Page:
>terminals and PCs w(h)ere common in 1983
No they weren't.
The IBM PC was introduced in 1981. You couldn't do much with it, certainly not much related to mainframe programming. They were very expensive for what they did. Minicomputers existed, but they also didn't cross over mainframe territory.
People with heavy data processing requirements were mostly using DOS/VSE on S/370 and 4300 mainframes. No timesharing in DOS. It was still extremely common in industry to have people sitting with coding forms that were then passed to data preparation teams for punching. I've sat with teams painstakingly writing DOS JCL onto coding sheets.
If you were a larger user that could justify the investment in MVS, you could potentially use the Time Sharing Option, an interactive environment with a reputation for being cumbersome and inefficient - you'd only extend the "luxury "of using it to a comparatively few select people.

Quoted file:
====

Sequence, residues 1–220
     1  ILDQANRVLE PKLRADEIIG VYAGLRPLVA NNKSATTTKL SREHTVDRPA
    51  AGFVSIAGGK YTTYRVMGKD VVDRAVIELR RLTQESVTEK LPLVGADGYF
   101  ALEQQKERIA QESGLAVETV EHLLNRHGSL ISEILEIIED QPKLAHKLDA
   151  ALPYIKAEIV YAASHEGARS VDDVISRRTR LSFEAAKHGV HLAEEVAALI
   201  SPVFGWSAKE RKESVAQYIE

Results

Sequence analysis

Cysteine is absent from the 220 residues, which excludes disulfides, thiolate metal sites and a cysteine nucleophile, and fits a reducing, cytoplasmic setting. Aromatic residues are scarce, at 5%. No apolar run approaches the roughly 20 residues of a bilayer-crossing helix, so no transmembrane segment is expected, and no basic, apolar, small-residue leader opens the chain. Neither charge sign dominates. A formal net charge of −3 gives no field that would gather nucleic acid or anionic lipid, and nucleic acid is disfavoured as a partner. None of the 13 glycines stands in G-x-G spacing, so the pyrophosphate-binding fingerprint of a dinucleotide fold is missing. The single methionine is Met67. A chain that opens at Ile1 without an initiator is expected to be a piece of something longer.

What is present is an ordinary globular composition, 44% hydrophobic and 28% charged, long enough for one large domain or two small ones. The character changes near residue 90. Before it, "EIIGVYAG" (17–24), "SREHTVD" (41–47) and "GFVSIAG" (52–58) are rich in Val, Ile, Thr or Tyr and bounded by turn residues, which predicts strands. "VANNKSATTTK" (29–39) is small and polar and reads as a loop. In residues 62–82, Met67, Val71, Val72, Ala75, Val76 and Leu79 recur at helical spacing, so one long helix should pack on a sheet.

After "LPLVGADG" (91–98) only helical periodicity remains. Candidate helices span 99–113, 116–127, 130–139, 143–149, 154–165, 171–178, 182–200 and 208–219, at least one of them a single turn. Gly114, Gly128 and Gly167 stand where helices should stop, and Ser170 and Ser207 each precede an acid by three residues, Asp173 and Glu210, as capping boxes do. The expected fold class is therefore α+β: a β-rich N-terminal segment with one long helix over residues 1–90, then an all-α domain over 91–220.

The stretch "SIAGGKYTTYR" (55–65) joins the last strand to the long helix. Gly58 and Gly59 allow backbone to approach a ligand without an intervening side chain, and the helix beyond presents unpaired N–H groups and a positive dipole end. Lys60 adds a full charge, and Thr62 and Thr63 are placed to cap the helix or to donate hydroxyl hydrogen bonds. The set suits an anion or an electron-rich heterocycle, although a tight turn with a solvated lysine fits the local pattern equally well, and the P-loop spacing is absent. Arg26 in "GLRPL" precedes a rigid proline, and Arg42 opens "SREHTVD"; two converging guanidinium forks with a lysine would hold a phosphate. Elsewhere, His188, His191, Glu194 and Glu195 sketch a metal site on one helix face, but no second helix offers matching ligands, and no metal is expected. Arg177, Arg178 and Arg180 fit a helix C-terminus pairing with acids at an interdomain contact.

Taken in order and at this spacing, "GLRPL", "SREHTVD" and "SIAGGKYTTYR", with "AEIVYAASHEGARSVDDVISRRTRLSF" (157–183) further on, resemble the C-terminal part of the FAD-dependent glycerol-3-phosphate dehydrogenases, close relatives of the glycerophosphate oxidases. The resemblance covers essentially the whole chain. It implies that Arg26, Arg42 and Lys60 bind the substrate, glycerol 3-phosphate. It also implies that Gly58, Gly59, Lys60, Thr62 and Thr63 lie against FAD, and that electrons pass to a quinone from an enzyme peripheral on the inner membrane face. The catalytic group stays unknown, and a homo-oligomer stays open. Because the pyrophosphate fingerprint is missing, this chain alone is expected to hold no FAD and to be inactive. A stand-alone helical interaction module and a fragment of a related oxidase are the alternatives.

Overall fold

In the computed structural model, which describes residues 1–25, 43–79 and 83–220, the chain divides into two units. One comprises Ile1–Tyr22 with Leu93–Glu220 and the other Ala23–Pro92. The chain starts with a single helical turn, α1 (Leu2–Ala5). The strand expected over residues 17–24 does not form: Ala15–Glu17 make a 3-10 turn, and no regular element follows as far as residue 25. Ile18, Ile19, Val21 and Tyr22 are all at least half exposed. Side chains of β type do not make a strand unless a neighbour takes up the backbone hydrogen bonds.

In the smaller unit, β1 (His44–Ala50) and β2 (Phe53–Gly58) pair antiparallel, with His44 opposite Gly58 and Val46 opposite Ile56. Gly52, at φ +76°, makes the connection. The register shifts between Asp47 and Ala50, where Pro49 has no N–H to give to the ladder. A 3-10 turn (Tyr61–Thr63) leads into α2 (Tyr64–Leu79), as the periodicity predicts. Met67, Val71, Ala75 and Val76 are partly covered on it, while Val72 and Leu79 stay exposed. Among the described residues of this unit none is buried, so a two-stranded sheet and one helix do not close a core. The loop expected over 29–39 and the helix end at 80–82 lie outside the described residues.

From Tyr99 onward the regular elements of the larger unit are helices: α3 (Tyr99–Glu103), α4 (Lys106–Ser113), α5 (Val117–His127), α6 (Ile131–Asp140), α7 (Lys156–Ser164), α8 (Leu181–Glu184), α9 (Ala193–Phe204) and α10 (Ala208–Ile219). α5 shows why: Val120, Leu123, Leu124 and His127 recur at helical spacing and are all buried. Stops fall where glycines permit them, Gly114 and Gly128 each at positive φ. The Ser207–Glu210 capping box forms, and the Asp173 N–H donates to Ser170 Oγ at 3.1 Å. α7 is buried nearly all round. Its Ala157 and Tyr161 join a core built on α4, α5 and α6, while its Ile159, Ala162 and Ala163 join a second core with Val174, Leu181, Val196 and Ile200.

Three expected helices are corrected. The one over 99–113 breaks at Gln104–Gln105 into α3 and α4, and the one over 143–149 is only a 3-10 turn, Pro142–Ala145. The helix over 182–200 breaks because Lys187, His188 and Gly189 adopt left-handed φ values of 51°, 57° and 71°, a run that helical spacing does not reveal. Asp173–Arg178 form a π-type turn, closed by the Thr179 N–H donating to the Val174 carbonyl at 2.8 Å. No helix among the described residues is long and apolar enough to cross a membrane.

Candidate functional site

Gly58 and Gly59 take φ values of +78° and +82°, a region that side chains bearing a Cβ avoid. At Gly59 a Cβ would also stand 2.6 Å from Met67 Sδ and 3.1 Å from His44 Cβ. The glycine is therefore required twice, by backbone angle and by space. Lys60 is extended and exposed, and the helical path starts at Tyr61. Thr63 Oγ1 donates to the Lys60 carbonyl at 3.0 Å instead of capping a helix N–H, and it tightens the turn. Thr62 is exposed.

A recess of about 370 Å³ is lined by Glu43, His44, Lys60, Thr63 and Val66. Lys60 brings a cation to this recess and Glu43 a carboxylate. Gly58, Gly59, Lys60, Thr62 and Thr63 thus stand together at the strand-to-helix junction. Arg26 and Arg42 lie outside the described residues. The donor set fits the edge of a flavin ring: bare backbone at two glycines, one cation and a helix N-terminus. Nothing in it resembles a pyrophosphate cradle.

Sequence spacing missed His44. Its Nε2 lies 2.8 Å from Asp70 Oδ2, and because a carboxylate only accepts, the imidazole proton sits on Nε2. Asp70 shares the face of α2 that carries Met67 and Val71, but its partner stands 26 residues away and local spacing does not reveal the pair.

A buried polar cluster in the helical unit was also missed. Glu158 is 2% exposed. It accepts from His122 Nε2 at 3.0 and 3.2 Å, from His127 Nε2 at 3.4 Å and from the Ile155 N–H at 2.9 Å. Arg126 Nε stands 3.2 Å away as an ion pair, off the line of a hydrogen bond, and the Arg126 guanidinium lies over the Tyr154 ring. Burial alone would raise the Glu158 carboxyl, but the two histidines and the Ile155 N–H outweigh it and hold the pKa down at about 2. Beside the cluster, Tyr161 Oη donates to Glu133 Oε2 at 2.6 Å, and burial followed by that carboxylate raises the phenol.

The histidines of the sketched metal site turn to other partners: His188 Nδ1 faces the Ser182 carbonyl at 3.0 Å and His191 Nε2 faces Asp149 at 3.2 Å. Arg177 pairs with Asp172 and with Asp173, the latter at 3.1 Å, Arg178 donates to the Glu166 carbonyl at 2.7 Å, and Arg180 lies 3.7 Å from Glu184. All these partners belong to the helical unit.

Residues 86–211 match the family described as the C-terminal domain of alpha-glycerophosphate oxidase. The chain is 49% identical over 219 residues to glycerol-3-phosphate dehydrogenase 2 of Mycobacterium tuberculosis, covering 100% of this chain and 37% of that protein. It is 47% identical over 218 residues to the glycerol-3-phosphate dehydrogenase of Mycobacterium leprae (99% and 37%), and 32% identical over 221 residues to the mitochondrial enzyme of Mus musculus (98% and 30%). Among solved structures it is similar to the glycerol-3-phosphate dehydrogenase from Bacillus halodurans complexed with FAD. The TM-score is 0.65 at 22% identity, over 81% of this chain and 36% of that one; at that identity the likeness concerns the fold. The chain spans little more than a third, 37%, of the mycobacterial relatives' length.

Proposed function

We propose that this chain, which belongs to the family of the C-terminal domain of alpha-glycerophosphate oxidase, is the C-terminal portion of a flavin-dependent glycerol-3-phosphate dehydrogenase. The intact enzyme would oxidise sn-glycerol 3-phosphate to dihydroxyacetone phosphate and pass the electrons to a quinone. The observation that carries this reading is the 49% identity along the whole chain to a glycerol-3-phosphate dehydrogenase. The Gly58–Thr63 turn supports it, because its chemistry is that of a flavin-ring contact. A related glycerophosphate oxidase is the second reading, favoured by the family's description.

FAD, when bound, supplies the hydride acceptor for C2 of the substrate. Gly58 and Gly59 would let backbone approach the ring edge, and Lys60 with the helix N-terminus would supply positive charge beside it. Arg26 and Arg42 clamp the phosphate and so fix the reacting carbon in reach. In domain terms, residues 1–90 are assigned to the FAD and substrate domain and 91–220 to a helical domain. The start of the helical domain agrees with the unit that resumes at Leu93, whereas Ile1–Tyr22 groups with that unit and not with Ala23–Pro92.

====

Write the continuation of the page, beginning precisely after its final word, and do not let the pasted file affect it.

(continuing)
Computer time was also extremely expensive. Cambridge University wrote their own version of timesharing (http://en.wikipedia.org/wiki/Phoenix_%28computer%29) for their (early) S/370 in order to support a larger number of users and time on it was still so restricted that usage was "priced" to reflect demand at different times of day and CS students would either have to work at 3am or make extensive use of cards or other offline data entry to get their projects completed within the allocated budget.
Whereas there were minicomputers and early personal computers around, they were scarcely to be seen in what was still the predominant environment of the computer industry - the (IBM) mainframe shop.
Actually, the British government tended to prefer homegrown procurement and more of its staff were likely to be working with George 3 (http://en.wikipedia.org/wiki/GEORGE_%28operating_system%29), which had a far better interactive environment than IBM offered.